A Java GUI Testing Tool We Recommend

When looking at Feature Matrix of any full-fledged software product I always miss one column called “Does it work as advertised?”. I’m sure it exists but is never displayed on vendors’ web sites. 😉

Thanks to today’s time-to-market pressure, many products are shipped in a condition that appears far from “well-done”. To understand if tool X or component Y meets your requirements, you typically have to spend a sufficient amount of engineering manpower on evaluation.

So did we two years ago when selecting a tool for automation of GUI testing. We thoroughly evaluated 15+ tools, including free and commercial solutions, and found a clear winner. If you have decided to automate your Java GUI testing procedures and looking for a GUI testing tool, our finding may save you some time and money.

QF-Test, a tool that works

You must hear about German quality. That’s it. Created by Quality First Software GmbH (QFS), Germany, QF-Test is a cross-platform tool for GUI test automation of Java and Web applications. It supports regression, stress, and load testing for both Swing/AWT and Eclipse/SWT, the latter is only on Windows and Linux, though. As for web testing, it works with IE and Firefox (for Windows and Linux) with specific support for various AJAX toolkits.

We’ve been using QF-Test for two years for our product, Excelsior JET, a compliant Java SE 6 technology implementation (JVM) with an ahead-of-time compiler and a deployment toolkit.

Excelsior JET comes with GUI tools written in Java. These applications are implemented with Swing and feature a custom look-n-feel specially designed for them. Behind the presentation layer, an advanced logic is implemented to enable the user to accomplish the necessary tasks, such as the creation of a complete installation package, with minimal efforts. That said, we have quite complex testing scenarios and employ the continuous integration approach including automated GUI testing with QF-Test. It’s proved to be a reliable, fully-featured and, at the same time, easy to use tool. And the tool does work as advertised.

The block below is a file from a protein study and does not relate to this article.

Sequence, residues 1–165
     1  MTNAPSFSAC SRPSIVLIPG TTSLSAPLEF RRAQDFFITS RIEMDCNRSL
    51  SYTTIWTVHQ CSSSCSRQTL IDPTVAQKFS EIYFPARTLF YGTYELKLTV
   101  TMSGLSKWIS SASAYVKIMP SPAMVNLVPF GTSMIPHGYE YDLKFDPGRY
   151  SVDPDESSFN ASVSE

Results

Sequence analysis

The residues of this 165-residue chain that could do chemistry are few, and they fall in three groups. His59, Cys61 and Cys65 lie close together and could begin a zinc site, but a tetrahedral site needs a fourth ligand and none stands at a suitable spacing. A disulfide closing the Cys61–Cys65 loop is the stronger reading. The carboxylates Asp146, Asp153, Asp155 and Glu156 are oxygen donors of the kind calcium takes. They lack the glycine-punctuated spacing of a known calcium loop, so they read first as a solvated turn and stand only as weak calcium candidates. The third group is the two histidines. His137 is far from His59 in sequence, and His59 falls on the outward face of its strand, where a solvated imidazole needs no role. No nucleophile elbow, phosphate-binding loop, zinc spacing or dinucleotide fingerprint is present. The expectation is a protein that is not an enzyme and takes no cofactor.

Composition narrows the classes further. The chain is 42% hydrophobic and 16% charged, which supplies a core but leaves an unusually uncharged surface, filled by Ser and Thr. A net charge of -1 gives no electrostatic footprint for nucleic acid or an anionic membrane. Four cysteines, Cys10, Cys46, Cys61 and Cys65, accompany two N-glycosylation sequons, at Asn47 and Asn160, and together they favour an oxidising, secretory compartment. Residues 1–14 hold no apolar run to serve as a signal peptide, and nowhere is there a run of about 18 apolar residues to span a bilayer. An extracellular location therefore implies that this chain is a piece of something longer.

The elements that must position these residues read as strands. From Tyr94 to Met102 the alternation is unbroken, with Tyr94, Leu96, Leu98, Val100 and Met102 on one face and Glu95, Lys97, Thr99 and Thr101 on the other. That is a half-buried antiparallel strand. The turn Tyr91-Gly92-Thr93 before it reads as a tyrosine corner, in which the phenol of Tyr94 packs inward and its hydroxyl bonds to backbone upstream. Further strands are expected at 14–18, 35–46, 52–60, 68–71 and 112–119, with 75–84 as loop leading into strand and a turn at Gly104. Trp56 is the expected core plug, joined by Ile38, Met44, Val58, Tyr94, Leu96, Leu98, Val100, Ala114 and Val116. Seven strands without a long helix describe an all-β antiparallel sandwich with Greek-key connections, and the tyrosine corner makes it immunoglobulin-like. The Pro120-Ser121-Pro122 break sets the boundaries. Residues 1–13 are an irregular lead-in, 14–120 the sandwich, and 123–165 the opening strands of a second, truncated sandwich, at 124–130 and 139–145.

How to enable QF-Test for Excelsior JET

This section is for users of Excelsior JET and it will be short.

On the first run, QF-Test prompts you to instrument the underlying JVM. Click Manual instrumentation and select directory

JET-Home/profileCurrent-profile-version/jre

Done. Now everything will work even though the Java applications under test are compiled to Windows or Linux native code executables with Excelsior JET. Just in case, the instrumentation dialog is also available via the Extras->Manage JDK Instrumentation items of the main menu.

Two tips on code testability

Miracles happen but not in the software industry. Whatever test automation tool you go for, your code should be eligible for testing and you should pay attention to it in the course of development. Here go two examples from our practical experience with QF-Test.

First, when testing your Java GUI code you may find out that QF-Test blames you for reports errors in the code that seems to work (or you just believed so ;)). The matter is that QF-Test is able to detect Swing misuses that lurk in your code and it would be better to fix them before they will bite your end users. Temporarily, you may disable reporting such errors so they will appear as warnings but do not forget to create respective issues in your bug tracker.

The second note is on automatic identification of GUI controls. Remember that aphorism – if it walks like a duck and quacks like a duck, I would call it a duck. If the GUI includes different controls of the same type, that have very similar content, QF-Test may fail to identify them unambiguously. Look, it’s just a Java GUI testing tool rather than an Artificial Intelligence system. To guarantee exact identification, you may simply assign a unique name for each GUI control using the setName() method and take it into account in further development.

On a root cause of quality software

I thought about why QF-Test is so polished and works flawlessly. Finally, I came up with a guess – probably, because it’s tested with QF-Test ;). It’s causa sui of sorts.

P.S. Prepare to be pleasantly surprised by the quality of QFS Customer Support too.

Categories: Excelsior JET, Java, Tools We Use

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